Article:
Interest in the US sports betting market couldn’t be higher from an investor point of view, explained Daniel Politzer, VP of Equity Research at JP Morgan, but attention should also be paid to the growing igaming market.

Speaking on the ‘Gambling Gold Rush: Investment in the US’ panel at SBC Summit Barcelona – Digital, Politzer explained that the pent-up demand for sports betting products during the pandemic has led to investors are ‘plowing money in’ to the industry, subsequently leading to stock prices trading at premiums – something which he explained reflects the growing interest in the market.

He explained: “Right now, we’re in a strange scenario where virtually every sport is happening at once. For the most part, everyone has been stuck at home for the last few months, so there is this pent-up demand – and then all of the sports are released at once. A lot of these sports fans which would usually bet using the grey or black market are finding other ways to ‘get their fix’, and the easiest extension is the stock market.

“I really don’t think that interest or exuberance could really be much higher right now in terms of sports betting and the hopes for that market in the US – especially for those investors that are plowing money in. I can’t think of a time when you have more excitement and interest in these stocks.

“But we need to remember that we are in the early stages so it’s hard to work out whether these interests in stocks are going to translate into valuations. All of these stocks are trading at premiums, so the question is at what point will the sports betting and igaming market catch up to expectations? Or will expectations be right-sized?”

Politzer was joined on the panel by Jakub Růžička, Investments Manager at Penta Investments and Greg Carlin, CEO of Rush Street Gaming. The session was moderated by Anton Kaszubowski, Director of GreenLaw Limited.

Echoing a similar sentiment, Carlin highlighted the immense potential of the US gaming market, suggesting that we may see new market leaders emerge as the market progresses.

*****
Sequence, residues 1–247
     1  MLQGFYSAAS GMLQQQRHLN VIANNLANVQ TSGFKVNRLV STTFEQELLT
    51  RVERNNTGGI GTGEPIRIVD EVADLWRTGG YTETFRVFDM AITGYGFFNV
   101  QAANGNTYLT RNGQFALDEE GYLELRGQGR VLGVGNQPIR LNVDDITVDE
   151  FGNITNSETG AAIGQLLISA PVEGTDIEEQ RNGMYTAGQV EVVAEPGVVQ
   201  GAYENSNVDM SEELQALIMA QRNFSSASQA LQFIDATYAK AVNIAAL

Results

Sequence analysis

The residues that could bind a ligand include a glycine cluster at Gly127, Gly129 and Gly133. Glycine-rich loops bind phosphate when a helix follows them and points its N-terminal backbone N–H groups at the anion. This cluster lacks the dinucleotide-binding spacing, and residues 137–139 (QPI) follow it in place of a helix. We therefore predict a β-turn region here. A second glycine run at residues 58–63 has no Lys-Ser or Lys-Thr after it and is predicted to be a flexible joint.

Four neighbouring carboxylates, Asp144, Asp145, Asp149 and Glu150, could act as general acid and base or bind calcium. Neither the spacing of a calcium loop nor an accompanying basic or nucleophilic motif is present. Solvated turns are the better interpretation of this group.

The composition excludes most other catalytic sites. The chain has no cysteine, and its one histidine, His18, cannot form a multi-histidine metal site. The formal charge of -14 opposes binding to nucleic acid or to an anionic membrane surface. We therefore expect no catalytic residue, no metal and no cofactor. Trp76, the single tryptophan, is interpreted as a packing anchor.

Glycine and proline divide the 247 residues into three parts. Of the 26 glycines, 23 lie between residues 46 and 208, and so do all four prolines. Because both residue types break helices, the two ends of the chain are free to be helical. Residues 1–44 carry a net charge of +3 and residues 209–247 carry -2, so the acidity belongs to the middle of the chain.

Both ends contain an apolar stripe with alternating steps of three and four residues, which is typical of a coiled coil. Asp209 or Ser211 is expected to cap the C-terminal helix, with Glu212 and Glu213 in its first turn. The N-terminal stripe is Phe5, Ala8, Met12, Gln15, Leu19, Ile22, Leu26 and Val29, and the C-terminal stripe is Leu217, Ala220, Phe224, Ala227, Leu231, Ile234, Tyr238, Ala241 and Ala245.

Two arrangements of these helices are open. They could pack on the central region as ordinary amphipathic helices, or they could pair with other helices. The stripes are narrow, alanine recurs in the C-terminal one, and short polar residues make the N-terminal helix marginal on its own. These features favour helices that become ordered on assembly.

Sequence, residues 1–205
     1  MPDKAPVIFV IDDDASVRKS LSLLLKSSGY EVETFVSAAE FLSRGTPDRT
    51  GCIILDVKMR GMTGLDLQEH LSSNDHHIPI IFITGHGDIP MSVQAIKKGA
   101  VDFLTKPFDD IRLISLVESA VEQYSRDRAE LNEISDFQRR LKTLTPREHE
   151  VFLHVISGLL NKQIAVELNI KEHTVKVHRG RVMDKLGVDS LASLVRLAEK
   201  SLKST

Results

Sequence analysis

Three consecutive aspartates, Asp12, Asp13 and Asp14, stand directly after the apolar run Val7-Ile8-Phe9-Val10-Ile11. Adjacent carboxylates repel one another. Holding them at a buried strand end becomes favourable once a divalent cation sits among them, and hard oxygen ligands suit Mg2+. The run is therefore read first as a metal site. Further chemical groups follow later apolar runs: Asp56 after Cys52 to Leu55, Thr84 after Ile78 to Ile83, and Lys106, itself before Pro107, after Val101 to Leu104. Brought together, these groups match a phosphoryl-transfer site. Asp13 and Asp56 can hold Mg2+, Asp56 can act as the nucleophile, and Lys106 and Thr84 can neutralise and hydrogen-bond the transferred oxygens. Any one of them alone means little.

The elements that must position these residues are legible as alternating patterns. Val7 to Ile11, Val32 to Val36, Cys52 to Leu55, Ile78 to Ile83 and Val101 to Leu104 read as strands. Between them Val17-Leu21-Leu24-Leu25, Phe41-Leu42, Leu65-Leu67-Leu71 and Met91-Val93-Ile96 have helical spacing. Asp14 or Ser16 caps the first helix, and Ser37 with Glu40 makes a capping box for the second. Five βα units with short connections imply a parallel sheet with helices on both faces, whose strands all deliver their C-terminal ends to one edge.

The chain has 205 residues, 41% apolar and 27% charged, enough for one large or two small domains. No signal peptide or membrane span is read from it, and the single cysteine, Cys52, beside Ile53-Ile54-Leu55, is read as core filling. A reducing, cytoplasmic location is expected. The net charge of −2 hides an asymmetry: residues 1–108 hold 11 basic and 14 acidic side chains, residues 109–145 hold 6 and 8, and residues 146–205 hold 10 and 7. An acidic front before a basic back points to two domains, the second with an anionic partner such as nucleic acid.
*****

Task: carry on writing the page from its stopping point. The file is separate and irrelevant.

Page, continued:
He explained: “Certainly, there is a lot of excitement for the space and rightly so. We are really in the early innings of this sports betting roll out in the US. There are some out there which say that the ultimate market size is $35 billion – we’re probably looking at a market of $1-2 billion so there is a tremendous amount of growth left.

“We don’t know who the winners are going to be but it really comes down to the long term, five or six years from now, what will the market shares be? Will it be profitable? Will the valuations be right? I do think that this is going to be a huge market. FanDuel and DraftKings are obviously off to an early start, but they’ve leveraged their DFS databases and over time we’ll see how market shares play out.”

Discussion then turned towards the untapped igaming sector, which panellists suggested could actually be a much more profitable vertical than sports betting.

Politzer added: “One thing that investors are starting to look at more is igaming. We tend to look more at sports betting. But I think right now, igaming is profitable and less competitive. I think that it’s a different dynamic than sports betting and is not necessarily dominated by the big players like DraftKings and FanDuel because the database is different.

“We’ve seen cross-play from sports betting into igaming, but I’m not sure how much it translates the other way. Over time, I think investors may come to appreciate the igaming space more. Right now, sports betting is getting all of the attention by virtue of being a bigger vertical because it’s in more states. But currently, it’s unprofitable and I think that for most operators, igaming is profitable.”